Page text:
Combo and value meal deals are part of the DNA of fast food restaurants, but two researchers find that changes to the meals could help quick serves steer customers toward healthier offerings.
Kathryn Sharpe of the University of Virginia’s Darden School of Business and Professor Richard Staelin of Duke University’s Fuqua School of Business recently coauthored a report published in the Journal of Public Policy & Marketing called “Consumption Effects of Bundling: Consumer Perceptions, Firm Actions, and Public Policy Implications.” The report suggests that consumers perceive bundled, or combo, meals to be better value—and that such meals tend to drive consumers to larger, unhealthier menu choices.
“When people bundle, they end up choosing a meal with a lot more calories,” Sharpe says. “Over the entire population, if you look at what’s the average impact for a consumer when a bundle is offered, it’s at least an extra 100 calories. That can make a big difference.”
Sharpe and Staelin’s study showed participants several menus, including some with a la carte–only options and some with both a la carte and combo meal offerings. A range of entrée options were included on each menu and were bundled with 21-ounce drinks and medium fries in the combo meals. Three sizes of fries—small, medium, and large—were offered a la carte, as were three or four sizes of drinks, with prices varying on each menu.
Participants were then asked what they would order when presented with combo and a la carte options.
The study found that when ordering from an a la carte–only menu, consumers generally ordered smaller portion sizes. And when bundled meal options were available, the number of participants who would order a drink and fries with the bundle increased significantly—even if there was no price difference between the two options.
“[Consumers] have been making decisions the same way over time,” Sharpe says. “If a bundle is offered, they’ll consistently choose the bundle because it’s easier to order and it seems like an average meal.”
Sharpe says the study supports the case that bundled meals encourage unhealthier eating: 15 percent of participants who didn’t order fries in an a la carte–only setting chose to order a bundled meal with medium fries when offered, which was a 380-calorie increase.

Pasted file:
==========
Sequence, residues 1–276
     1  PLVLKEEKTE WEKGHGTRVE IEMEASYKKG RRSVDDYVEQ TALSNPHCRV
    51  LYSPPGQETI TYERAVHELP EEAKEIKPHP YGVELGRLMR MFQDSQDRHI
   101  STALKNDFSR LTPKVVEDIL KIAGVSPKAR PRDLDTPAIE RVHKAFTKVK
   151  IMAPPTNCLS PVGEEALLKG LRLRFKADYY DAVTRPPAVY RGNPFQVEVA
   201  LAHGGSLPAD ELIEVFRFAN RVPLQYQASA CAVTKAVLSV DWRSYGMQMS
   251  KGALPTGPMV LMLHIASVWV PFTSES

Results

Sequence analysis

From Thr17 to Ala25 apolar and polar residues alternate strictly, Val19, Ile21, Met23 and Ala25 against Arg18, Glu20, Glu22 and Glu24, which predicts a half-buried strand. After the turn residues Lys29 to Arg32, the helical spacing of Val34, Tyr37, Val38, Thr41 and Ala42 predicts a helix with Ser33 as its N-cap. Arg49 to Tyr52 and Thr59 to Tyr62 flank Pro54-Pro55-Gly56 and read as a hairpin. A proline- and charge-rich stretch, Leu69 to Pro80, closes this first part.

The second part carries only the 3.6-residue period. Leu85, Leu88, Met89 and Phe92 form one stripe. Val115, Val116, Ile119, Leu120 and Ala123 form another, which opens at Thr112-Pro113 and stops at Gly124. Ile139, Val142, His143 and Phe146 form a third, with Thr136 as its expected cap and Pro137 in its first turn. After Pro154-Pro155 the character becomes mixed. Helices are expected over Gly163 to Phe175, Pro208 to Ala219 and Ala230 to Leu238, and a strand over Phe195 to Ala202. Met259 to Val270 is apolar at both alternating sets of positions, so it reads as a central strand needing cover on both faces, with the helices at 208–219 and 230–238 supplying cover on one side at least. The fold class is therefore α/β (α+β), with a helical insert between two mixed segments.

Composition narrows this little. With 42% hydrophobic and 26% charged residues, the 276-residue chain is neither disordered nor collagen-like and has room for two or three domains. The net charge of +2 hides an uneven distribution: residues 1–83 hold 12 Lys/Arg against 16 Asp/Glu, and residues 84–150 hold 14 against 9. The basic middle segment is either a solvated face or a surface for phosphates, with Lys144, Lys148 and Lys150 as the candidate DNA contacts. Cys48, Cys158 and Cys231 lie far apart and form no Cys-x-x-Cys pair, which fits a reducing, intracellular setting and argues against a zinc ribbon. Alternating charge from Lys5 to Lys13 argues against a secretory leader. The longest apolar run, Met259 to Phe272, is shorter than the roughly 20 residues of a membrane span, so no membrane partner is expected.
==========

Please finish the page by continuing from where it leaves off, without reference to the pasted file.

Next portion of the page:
Further, 26 percent of participants who chose the small fries option from the a la carte–only menu chose a bundled meal with medium fries when offered, a 150-calorie increase.
That, Sharpe says, is the biggest issue at hand: portion sizes are generally larger in bundled meals and have been going up over time. Whereas a 21-ounce drink used to be the large size at quick serves, Sharpe says it is now the standard medium size in bundled meals.
Sharpe says quick serves can beat their unhealthy stigma not by getting rid of bundled meals altogether, but by offering smaller portion sizes within them. But first, she says, they have to start working with each other.
“I think they have to bundle in some ways because everyone else is doing it,” Sharpe says. “It’s the nature of competition, this is where the industry has gone in order to keep up and they feel the need to offer bundled meals. … There is the caveat that the industry as a whole would have to [change to be successful], because there is that competitive nature to it.”
But industry leaders say they prefer to give consumers a choice—even the choice of larger meal sizes. Mark Hardison, vice president of marketing at El Pollo Loco, says the chain just tested menuboards with and without combo meals, and that consumers resoundingly supported the bundled meals.
“Our inclination, because of our positioning in the [quick-service] space, was that we would be moving toward a menuboard without combos,” Hardison says, noting the chain’s lean toward healthier offerings. “But the results were overwhelmingly positive toward combo meals in terms of how guests rated their order experience and the value of their purchase.”
At El Pollo Loco, bundled meals include the chain’s Flame-Grilled Chicken Meals, which include varying amounts of chicken, sides, and tortillas, and Burrito Combos that add chips and a drink to burrito orders.
Hardison says the combo meals improve operations and speed of service, and boost the bottom line by increasing drink sales.
“As long as our guests are getting a good value out of that, we’re happy to complete their meal,” he says. “It makes business more economically viable and our business performance stronger when we do it that way.”
Still, Sharpe says quick serves have a responsibility to cap the sizes of what they offer in their bundled meals, even if they’re giving customers increased value by hiking the portion sizes.
“Nobody needs 44 ounces of drink; it’s just because you eliminated the smaller sizes [that they order larger],” she says. “I think there is some responsibility for them to really evaluate, are they creating need, or are they meeting need? That is where we get into, is this ethical or not?”
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